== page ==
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Postpartum Depression Signs That Aren’t Talked About Enough

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The fear over postpartum depression was larger for me than any other fear during my pregnancy. The idea of not being able to fully love and enjoy the new little human in my life scared the life out of me, along with the idea that I could hurt myself or my children in the depths of mental despair.

Postpartum depression is real, and yes, it’s terrifying. Education is the best way to help new mothers and mothers-to-be assess their mental health state, to determine whether it’s the “baby blues” or something they should bring up with their doctor.

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You probably know the big signs of PPD to watch out for – the largest of which are thoughts of self-harm – but there are smaller, earlier symptoms that could help women reach out for help before things get so dire.

Here are 5 of them.

5. You stop doing the things you love.

And not because you don’t have the time, but because you just don’t want to anymore – that’s the difference.

4. You can’t accomplish even basic self-care.

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Sure, in those early days after having a baby, we could all use a shower. We’ve all forgotten to shave, and we’ve all spent multiple days in the same, puked on nursing nightgown.

That said, if you’re neglecting yourself to the point of endangering your own health (not cleaning yourself, clipping your nails, brushing your teeth), it’s time to talk to someone about your lack of motivation.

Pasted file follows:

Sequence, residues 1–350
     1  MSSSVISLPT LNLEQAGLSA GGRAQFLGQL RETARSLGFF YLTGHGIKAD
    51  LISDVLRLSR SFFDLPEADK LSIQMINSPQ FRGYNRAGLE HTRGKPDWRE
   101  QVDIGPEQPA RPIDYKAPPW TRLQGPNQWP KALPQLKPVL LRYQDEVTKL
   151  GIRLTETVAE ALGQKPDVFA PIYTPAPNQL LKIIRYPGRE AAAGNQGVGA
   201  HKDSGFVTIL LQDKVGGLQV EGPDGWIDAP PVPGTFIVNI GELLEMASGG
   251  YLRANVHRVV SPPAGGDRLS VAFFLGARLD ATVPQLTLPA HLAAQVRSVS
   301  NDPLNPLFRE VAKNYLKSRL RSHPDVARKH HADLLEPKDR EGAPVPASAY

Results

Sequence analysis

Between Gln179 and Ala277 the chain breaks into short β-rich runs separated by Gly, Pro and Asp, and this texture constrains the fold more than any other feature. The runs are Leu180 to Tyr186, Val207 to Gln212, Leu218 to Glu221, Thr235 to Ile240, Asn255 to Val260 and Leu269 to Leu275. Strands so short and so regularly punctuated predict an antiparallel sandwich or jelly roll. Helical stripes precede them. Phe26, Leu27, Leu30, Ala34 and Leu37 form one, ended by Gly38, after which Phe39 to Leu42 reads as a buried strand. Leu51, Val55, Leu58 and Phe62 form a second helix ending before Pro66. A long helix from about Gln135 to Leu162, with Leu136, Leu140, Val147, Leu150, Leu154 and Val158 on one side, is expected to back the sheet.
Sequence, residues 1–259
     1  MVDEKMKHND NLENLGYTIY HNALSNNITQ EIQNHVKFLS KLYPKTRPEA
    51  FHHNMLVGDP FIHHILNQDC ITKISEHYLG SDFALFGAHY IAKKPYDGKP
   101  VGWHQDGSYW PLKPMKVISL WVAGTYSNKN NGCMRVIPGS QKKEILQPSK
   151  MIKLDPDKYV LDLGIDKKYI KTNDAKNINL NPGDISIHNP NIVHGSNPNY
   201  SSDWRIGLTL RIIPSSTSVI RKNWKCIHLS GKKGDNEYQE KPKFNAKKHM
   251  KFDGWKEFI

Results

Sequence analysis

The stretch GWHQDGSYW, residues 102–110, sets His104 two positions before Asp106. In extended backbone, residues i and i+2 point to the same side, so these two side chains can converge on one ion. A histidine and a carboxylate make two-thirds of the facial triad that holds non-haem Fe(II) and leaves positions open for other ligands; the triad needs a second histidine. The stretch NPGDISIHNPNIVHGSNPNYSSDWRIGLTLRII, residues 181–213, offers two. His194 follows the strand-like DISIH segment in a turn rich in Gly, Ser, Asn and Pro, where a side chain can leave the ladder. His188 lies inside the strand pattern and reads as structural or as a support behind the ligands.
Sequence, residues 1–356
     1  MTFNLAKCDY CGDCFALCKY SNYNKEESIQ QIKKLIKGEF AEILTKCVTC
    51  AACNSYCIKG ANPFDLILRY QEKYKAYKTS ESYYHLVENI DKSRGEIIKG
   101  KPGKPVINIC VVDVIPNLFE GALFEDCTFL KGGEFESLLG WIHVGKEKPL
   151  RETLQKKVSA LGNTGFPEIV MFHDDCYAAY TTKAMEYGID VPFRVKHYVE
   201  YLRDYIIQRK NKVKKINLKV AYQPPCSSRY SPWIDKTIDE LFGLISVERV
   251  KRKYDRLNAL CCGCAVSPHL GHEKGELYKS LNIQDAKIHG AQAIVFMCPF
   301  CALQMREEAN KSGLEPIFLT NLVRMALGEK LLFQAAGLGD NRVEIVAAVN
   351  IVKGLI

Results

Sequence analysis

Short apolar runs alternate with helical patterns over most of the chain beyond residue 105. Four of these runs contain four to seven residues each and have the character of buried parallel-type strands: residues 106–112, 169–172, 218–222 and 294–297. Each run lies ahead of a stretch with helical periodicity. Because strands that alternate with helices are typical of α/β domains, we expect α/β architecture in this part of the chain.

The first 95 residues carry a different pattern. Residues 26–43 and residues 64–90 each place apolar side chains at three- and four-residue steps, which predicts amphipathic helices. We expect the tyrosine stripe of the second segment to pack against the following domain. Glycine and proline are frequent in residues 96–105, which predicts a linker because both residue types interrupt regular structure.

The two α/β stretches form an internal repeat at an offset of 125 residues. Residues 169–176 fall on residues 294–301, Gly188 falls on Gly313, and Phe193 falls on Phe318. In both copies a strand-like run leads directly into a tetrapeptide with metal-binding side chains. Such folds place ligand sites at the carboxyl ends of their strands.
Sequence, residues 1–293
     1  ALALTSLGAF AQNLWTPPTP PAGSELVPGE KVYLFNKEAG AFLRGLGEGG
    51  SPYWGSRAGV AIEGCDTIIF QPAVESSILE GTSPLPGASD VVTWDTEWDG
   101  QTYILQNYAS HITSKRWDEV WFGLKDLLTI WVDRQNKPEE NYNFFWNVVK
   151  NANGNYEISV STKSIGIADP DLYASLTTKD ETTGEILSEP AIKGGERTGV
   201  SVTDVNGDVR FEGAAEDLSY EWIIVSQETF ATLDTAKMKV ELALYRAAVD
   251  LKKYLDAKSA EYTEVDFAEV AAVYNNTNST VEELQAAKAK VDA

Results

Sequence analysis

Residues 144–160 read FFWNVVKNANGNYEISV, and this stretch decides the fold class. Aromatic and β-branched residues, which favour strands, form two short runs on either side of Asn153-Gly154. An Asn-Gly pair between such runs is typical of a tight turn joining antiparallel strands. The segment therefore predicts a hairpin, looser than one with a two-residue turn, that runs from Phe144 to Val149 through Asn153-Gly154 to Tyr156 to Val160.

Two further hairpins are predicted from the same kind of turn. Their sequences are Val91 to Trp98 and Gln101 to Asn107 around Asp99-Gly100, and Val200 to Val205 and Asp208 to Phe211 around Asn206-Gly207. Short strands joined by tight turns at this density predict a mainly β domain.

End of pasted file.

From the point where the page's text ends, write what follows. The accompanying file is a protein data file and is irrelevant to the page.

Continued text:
3. Sleep doesn’t make you feel better.

A telltale sign of any kind of depression is the sort of fatigue that never gets better, no matter how much sleep you’ve gotten.

It’s normal to choose a nap or an early bedtime over…pretty much anything else in those early days, but if you’re always tired no matter what, you need to ask for help.

2. You can’t remember anything.

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Again, some of this is normal and to be expected, but if what you’re forgetting – what you were talking about, where you put the bottle or how long it’s been sitting out, or anything that could endanger you or your child, it might be more than average sleep-deprivation.

1. You’re scared to leave the house.

You begin to fear what should be reasonable things, like driving with your child in the car or spending time with friends or family. It’s natural to worry about things in a whole new way now that you’re a parent, but you should be able to reason with yourself.

Take care of yourselves, mamas, and take care of your friends.

There is no shame in needing help to get those hormones under control after everything you’ve been through – your kids need you, your partner needs you, your family loves you, and so do I.